On vaccination.

On vaccination.

The shape of things determines what they can do. Or, as a molecular biologist would phrase it, “structure determines function.”

In most ways, forks and spoons are similar. They’re made from the same materials, they show up alongside each other in place settings. But a spoon has a curved, solid bowl – you’d use it for soup or ice cream. A fork has prongs and is better suited for stabbing.

In matters of self defense, I’d reach for the fork.

On a much smaller scale, the three-dimensional shapes of a protein determines what it can do.

Each molecule of hemoglobin has a spoon-like pocket that’s just the right size for carrying oxygen, while still allowing the oxygen to wriggle free wherever your cells need it. A developing fetus has hemoglobin that’s shaped differently – when the fetal hemoglobin grabs oxygen, it squeezes more tightly, causing oxygen to pass from a mother to her fetus.

Each “voltage-gated ion channel” in your neurons has a shape that lets it sense incoming electrical signals and pass them forward. Voltage-gated ion channels are like sliding doors. They occasionally open to let in a rush of salt. Because salts are electrically charged, this creates an electric current. The electrical current will cause the next set of doors to open.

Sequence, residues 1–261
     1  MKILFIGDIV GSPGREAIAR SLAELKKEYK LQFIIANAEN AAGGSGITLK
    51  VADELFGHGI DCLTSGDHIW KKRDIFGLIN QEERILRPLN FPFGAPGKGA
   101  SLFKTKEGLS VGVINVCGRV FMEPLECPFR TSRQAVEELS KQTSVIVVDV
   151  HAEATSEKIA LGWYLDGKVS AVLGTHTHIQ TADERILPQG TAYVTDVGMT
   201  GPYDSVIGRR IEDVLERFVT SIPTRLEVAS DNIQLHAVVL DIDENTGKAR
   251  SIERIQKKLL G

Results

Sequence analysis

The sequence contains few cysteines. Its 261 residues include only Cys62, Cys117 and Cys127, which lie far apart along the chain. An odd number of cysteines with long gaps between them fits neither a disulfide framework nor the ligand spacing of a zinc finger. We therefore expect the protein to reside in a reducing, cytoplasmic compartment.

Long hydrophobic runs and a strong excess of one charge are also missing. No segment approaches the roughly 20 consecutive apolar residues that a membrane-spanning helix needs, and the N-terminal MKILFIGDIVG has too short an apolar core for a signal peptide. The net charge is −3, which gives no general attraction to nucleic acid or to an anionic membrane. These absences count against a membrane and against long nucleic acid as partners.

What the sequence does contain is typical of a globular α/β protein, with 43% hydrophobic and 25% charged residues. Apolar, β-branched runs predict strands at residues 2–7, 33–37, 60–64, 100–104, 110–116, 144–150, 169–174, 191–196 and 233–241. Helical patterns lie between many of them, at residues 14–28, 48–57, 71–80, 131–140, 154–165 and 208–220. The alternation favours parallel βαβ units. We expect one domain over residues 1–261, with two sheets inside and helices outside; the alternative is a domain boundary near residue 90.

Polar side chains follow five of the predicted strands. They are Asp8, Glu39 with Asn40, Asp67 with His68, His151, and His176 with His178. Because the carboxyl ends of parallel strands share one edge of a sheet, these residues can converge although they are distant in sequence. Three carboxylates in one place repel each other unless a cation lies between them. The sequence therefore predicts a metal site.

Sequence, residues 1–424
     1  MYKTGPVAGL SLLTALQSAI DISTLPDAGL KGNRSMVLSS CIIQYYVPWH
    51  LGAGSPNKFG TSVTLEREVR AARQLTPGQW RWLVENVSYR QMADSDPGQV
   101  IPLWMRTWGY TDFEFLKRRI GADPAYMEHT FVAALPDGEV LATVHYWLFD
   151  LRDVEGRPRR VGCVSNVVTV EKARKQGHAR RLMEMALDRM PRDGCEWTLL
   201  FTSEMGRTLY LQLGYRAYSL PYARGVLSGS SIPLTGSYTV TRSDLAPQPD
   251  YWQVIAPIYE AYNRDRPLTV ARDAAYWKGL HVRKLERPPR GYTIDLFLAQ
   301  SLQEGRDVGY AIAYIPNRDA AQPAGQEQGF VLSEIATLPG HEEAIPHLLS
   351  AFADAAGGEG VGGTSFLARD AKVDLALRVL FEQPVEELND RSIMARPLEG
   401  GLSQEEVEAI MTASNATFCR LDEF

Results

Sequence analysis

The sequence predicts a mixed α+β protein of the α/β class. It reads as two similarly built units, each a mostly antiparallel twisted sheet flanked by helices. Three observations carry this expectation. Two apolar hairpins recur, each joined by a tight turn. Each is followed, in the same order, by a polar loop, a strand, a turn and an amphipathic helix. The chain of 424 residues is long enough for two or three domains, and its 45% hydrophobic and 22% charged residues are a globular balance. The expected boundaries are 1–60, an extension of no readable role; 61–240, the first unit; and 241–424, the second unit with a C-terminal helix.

Every protein is shaped differently, which lets each do a different job. But they’re all made from the same materials – a long chain of amino acids.


Your DNA holds the instructions for every protein in your body.

Your DNA is like a big, fancy cookbook – it holds all the recipes, but you might not want to bring it into the kitchen. You wouldn’t want to spill something on it, or get it wet, or otherwise wreck it.

Instead of bringing your nice big cookbook into the kitchen, you might copy a single recipe onto an index card. That way, you can be as messy as you like – if you spill something, you can always write out a new index card later.

And your cells do the same thing. When it’s time to make proteins, your cells copy the recipes. The original cookbook is made from DNA; the index-card-like copies are made from RNA. Then the index cards are shipped out of the nucleus – the library at the center of your cells – into the cytoplasm – the bustling kitchen where proteins are made and do their work.